If you have an insatiable sweet tooth, your favorite mango might be Chaunsa. Filled with natural fruit sugars, Chaunsa isn’t a single variety but a small family of Indian mangoes, including white Chaunsa, honey Chaunsa, and sweet Chaunsa.
Chaunsa mangoes are known throughout India for their pale yellow skin and light red blush exterior. The flesh is soft, creamy, and exceptionally sweet.
Haden mangoes are perhaps the most popular in the United States, as most modern Floridian mangoes are siblings or cousins of the Haden mango.
Initially, Haden mangoes display a crimson skin that gradually yellows as it ripens. Thick fibers stretch throughout the fruit’s flesh to keep the texture more hearty and durable than many of the mangoes on this list.
So, if you want a bit of resistance and bite in your summer fruit, head to your local grocery or farmer’s market and pick up a bunch of Haden mangoes.
9. Bombay Green
Meet the lean, green mango machine.
Bombay Green mangoes originate from (you guessed it) Bombay and the surrounding area in central India. One unique quirk of Bombay Green is that it’s, well, green. This means it’s difficult to tell if it’s ripe simply by sight. Instead, you’ll have to grab the mango and squeeze the skin lightly.
If it’s hard as a rock, put it back. If it’s firm but slightly pliable, that’s your cue to pop that mango in your mouth or into a tall glass of refreshing lassi.
If you like a side of sour with your sweet, then Totapuri might be right up your alley.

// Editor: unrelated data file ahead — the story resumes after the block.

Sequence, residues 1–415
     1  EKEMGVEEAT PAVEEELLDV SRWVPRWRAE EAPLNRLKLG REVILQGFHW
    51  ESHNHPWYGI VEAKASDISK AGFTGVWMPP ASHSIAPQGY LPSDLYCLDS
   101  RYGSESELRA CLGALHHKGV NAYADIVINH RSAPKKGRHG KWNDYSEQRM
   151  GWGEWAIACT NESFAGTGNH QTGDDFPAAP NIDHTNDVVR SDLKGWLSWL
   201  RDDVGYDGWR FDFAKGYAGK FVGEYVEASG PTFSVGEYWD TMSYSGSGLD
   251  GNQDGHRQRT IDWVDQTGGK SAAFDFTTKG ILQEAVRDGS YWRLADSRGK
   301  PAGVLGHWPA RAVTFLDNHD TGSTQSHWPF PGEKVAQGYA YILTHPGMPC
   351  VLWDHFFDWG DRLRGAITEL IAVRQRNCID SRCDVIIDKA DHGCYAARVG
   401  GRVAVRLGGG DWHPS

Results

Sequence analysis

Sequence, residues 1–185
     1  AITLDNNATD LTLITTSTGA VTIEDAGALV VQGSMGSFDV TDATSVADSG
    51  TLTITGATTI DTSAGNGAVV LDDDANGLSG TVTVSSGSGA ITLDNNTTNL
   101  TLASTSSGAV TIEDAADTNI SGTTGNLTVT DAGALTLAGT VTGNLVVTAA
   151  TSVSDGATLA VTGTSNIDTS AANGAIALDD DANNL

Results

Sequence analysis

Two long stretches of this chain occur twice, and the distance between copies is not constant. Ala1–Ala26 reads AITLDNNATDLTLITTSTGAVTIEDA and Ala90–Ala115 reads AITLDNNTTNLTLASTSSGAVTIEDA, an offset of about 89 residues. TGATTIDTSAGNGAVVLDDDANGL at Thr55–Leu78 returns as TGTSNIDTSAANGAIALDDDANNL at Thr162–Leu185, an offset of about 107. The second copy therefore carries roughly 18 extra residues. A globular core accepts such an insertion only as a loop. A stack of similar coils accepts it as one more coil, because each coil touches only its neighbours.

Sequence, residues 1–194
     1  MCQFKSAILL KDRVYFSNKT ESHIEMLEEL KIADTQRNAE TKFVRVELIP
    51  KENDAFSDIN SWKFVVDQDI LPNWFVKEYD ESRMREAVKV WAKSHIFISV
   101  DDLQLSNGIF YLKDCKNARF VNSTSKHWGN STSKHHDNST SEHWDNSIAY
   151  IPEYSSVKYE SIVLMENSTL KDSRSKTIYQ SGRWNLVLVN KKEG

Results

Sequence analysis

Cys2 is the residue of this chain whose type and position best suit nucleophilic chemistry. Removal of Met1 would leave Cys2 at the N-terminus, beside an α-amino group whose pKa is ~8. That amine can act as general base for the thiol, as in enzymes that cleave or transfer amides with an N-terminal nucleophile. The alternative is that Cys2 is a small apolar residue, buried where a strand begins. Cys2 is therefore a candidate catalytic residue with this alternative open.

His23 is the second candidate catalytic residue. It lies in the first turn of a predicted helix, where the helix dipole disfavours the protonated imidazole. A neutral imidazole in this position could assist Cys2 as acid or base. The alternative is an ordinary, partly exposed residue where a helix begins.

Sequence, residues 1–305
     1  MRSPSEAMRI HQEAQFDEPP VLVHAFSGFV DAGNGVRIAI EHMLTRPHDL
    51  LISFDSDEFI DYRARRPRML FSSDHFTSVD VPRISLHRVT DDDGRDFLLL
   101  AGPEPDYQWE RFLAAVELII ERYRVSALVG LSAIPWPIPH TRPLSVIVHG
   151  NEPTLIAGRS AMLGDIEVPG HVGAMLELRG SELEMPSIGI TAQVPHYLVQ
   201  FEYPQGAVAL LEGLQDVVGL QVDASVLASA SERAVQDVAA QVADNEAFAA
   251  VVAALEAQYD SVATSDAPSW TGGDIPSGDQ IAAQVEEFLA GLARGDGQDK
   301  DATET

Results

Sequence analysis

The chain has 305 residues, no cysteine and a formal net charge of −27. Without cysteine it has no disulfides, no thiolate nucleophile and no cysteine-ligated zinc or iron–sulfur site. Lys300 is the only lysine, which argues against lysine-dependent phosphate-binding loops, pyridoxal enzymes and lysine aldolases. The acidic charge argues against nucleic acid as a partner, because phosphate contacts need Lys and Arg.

These mangoes boast a uniquely acidic flavor profile, thick skin, and a pointed end. It’s found primarily in South India and western states like Maharashtra and Gujarat.
11. Chok Anan
While most mangoes exclusively ripen in the summers, Chok Anan trees also produce fruit in the winters! This makes it one of the most reliable mangoes in its home regions of Pakistan, Bangladesh, Thailand, and India.
Grown neither in Florida nor India, Francis mangoes are the first on this list to hail from the Caribbean nation of Haiti. They grow in a unique flat shape with a slight curve at the bottom. As they ripen, Francis mangoes morph from a light green hue to a deep orange sunset.
If you take a bite of a Francis mango, you’ll discover golden-yellow flesh with few natural fibers. In their homeland of Haiti, these fruits infuse a dose of bright sweetness into local dishes like Haitian mango chicken and spicy mango salsa.
Last but definitely not least on this list! If mango is the king of fruits, then Alphonso might be the king of mangoes.
Large in size and flavor, Alphonso displays bright yellow skin with creamy orange undertones. It’s one of the most popular and beloved mangoes due to its incredible flavor.
Regarding texture, Alphonso is one of the most tender mangoes on the market, making it a staple in fruit sorbets and smoothies due to its creamy golden-red flesh.
Fall In Love With Mangoes With Sukhi’s
We love mangoes. From their golden-yellow pulp to their sugary sweet juice, it’s easy to fall in love with the king of fruits a little more with each new bite.
Mangoes also feature beautifully in a supporting role in our Chicken Coconut Curry with Mango, serving as a sweet balance to the rich, creamy curry and mouth-watering spice.
Finally, mangoes are incredibly popular in the form of aam ka achar (mango pickle). This traditional Indian condiment comprises unripe mangoes (usually Kent or Haden), oil, and pickling spices.